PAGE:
Lemony Snicket does not exist. Children who show up to his book tours hoping to hear from the alleged author of works like A Series of Unfortunate Events or “Who Could That Be At This Hour?” will instead meet his representative — and actual author of the novels — Daniel Handler.
Handler is a slightly graying man in his early 40s. He plays the accordion and he adores San Francisco, where he currently lives with his wife, an illustrator, and his elementary school-aged son.
The theatrics are an effort, however transparent, to keep the mystery of books alive. Handler told John Joseph Adams and David Barr Kirtley of Lightspeed Magazine that he came up with the act after watching another children’s author present at a book event.
“I thought she was terrible. And she told me later that what she liked to do was to dispel the mystery behind writing,” Handler said in the interview. He decided this was an awful idea.
“The actual writing is someone sitting at a desk writing, which is very boring,” he said. “I thought, ‘What can I do to increase the mystery of writing rather than decrease it?’”
Handler’s love of mystery permeates his novels. The 13 books in A Series of Unfortunate Events draw from the gothic genre, telling the story of three orphans who find themselves involved in a secret organization and frequently confront misfortune.
“Who Could That Be At This Hour,” the first book in a new four-part series called All The Wrong Questions, plays on the noir genre, following a young Snicket as he solves the mystery of a missing object. Handler alludes to the Maltese Falcon and Duke Ellington with plot devices and character names.
Beneath all of this mystery lies Handler’s unique way of dealing with the world of childhood. Today’s kids face news like the Sandy Hook Elementary School shootings, but fiction books often gloss over the grittier parts of life.
Handler likes to confront them head on, leaving situations unsettled and morally ambiguous. It’s a fine line to walk — Count Olaf’s threats to the Baudelaire children, including capturing their friends and locking them in the basement of an apartment building, are sometimes terrifying. But these same situations can make rough patches in children’s lives seem manageable.
In an interview with Fresh Air’s Terry Gross, Handler said his Jewish upbringing affects his writing. His father escaped from Hitler’s Germany as a young child, and dinnertime stories often involved tales of “daring escapes and lucky rescues.” But his family also told stories about who wasn’t able to get out.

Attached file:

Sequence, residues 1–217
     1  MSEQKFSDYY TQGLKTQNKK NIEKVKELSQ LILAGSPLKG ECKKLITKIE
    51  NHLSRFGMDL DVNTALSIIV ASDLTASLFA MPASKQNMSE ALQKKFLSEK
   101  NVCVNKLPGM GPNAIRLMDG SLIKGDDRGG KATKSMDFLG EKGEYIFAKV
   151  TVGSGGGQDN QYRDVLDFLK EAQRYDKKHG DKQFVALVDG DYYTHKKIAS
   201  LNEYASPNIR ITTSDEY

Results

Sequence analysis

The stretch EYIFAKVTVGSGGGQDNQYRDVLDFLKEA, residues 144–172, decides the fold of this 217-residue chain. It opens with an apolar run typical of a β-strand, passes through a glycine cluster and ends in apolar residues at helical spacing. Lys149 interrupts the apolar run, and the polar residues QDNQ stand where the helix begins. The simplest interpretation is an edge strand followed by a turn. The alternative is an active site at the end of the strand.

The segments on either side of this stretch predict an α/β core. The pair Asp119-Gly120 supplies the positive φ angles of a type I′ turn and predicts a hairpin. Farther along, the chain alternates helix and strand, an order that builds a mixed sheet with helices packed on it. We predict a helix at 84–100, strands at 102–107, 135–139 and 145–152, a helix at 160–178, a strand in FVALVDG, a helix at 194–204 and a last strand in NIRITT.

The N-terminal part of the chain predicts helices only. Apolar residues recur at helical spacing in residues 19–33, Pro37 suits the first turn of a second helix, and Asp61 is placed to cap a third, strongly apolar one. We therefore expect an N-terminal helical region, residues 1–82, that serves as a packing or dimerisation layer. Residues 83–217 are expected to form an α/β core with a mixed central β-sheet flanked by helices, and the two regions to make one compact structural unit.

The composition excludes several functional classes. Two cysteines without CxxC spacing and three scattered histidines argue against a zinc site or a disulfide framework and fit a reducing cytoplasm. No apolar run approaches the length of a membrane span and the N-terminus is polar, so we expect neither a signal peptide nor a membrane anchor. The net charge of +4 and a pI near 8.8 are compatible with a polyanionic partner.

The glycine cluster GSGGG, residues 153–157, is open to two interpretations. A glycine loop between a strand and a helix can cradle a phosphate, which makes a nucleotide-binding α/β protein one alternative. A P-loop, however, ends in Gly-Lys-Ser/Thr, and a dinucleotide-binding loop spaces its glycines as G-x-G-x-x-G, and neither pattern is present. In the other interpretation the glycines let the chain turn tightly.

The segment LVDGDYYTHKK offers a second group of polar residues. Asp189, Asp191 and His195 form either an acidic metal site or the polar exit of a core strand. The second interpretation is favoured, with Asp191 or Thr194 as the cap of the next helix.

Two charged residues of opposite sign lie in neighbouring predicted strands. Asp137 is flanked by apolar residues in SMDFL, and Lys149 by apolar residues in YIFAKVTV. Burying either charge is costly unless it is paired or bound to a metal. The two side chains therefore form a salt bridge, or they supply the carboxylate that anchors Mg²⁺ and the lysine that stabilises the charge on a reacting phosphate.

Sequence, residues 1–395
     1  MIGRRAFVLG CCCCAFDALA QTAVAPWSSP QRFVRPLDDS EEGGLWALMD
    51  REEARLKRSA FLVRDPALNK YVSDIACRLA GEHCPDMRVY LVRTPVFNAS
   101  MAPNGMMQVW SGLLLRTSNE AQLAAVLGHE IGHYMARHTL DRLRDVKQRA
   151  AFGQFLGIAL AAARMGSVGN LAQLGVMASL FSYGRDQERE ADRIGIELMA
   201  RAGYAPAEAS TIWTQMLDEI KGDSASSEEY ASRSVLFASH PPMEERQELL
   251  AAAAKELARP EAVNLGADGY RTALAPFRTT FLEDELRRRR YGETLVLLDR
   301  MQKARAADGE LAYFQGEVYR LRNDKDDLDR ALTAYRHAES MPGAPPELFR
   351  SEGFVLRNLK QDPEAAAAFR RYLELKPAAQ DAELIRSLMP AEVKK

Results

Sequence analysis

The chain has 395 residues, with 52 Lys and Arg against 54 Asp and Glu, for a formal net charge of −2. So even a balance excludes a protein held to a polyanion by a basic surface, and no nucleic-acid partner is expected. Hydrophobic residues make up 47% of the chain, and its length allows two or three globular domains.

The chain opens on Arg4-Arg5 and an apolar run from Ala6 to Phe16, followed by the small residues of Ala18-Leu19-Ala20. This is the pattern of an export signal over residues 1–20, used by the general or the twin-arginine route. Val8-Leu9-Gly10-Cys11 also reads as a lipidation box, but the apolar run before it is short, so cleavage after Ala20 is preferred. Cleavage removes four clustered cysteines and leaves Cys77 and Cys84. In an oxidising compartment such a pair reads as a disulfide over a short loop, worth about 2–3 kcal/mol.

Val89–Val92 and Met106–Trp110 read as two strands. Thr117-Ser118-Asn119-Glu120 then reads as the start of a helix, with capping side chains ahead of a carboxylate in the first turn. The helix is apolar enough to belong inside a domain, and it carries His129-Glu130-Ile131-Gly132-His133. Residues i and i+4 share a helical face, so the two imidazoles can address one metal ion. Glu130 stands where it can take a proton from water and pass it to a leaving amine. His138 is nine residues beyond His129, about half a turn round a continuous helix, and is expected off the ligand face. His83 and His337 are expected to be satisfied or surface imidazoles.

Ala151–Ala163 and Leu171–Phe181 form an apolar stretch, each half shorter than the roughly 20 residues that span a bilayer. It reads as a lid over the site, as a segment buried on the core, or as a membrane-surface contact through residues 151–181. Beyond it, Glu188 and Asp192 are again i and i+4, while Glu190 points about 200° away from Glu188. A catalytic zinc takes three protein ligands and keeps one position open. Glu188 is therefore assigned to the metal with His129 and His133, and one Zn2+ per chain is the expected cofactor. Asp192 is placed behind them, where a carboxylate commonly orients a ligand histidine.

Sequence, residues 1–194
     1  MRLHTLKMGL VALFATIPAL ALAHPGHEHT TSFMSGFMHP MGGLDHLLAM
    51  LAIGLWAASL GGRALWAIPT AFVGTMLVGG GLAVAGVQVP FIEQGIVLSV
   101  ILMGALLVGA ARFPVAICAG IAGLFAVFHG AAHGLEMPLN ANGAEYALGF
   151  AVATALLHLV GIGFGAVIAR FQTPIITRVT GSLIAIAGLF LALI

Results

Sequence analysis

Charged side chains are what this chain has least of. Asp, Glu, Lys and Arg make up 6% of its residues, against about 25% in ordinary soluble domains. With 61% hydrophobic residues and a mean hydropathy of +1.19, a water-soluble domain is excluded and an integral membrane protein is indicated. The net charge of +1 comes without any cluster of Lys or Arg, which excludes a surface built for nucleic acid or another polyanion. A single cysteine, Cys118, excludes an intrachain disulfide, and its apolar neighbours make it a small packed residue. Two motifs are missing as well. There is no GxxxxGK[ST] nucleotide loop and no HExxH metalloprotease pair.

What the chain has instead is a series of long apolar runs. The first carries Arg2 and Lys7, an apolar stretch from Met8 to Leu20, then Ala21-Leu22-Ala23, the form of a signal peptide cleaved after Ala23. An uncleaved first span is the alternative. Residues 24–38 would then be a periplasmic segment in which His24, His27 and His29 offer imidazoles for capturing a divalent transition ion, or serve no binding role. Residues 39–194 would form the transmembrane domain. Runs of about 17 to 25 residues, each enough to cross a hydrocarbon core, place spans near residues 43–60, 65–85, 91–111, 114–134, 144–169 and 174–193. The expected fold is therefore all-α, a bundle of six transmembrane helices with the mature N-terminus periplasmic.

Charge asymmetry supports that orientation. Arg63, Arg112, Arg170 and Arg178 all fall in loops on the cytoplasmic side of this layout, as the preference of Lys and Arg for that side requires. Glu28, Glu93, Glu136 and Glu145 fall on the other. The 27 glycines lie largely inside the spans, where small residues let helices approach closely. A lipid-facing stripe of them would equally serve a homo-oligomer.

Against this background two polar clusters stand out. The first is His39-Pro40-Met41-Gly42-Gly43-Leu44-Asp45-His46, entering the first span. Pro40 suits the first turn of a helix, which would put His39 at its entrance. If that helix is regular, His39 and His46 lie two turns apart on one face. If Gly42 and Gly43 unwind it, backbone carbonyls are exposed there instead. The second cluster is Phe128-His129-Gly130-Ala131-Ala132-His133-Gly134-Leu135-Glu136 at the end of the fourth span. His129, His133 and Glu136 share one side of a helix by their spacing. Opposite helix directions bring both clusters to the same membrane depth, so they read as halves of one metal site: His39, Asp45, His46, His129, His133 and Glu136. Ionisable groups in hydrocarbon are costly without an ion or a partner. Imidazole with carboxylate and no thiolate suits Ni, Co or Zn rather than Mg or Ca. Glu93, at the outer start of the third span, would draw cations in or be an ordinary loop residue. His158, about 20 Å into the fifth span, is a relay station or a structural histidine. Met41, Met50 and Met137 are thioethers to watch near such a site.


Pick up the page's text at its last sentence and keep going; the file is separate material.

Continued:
“I think that also had a huge effect on Series of Unfortunate Events, just that notion that terrible things can happen for any reason and they’re not punishment for bad behavior,” Handler said. “[The series] reminds you that a terrible thing can happen at any moment and that it is up to you to persevere through it.”
This is what Handler thinks kids need. In a piece he wrote for the New York Times the month after the Sept. 11 terrorist attacks, Handler said he fielded a lot of questions from reporters about whether his stories were appropriate for children in that environment.
“My young readers are not only finding a diversion in the melodrama of the Baudelaires’ lives, but they are also finding ways of contemplating our current troubles through stories,” he wrote. “When children write to me asking if Count Olaf is a terrorist, if the Baudelaires were anywhere near the World Trade Center… it is clear they are struggling with the same issues as the rest of us.”
The All The Wrong Questions series seems, from its first book, to take a lighter tone than A Series of Unfortunate Events. There are no villains hanging infants out of windows in birdcages or threatening children with knives — all of which happen in the first and arguably scariest book of the older series.
But Handler still confronts childhood in his trademark way. The story has foolish adults who give children unhelpful information. Young Snicket participates in activities that would make most parents cringe, like dropping from a hawser into a tree or riding around in a car driven by two small children, one who works the pedals and one who steers.
In an early scene, Snicket narrowly avoids drinking tea laced with a sedative given to him by two adults who may or may not be his parents.
When Gross asked him if this might deter people shopping for children’s books, Handler answered with his usual dry sense of humor.
“As a parent… I think if anything, ‘Who Could That Be At This Hour?’ makes a powerful case for not drugging children,” he told her. “Other children’s authors have expressed no opinion on this. Where’s Beverly Cleary on this issue, I wonder?”
Humor is what makes the books less scary, which is a valuable lesson for youngsters. It’s frightening that people in the town of Stain’d-by-the-Sea, the setting for “Who Could That Be At This Hour” have to wear masks sometimes to protect themselves from salt lung. But it’s funny that the masks look like underwater equipment even though the sea around the town dried up years ago.
Handler hopes his books, after all, ultimately reassure children. He told Gross that he had his own fears as a child, specifically of being kidnapped. His mother told him the family didn’t have enough money to be targets for that.
At book events, he makes small talk with children by asking them if they have ever been kidnapped and about how much money their parents would pay for their safe return
“It’s under the guise of whether I’m calculating it enough, so if it seems like enough money for me to kidnap them,” he said. “But I hope it’s also reassuring when they realize they probably won’t be kidnapped.”
Childhood involves various types of frightening events. Handler’s unique way of dealing with them is a pleasant reminder that everything will be all right.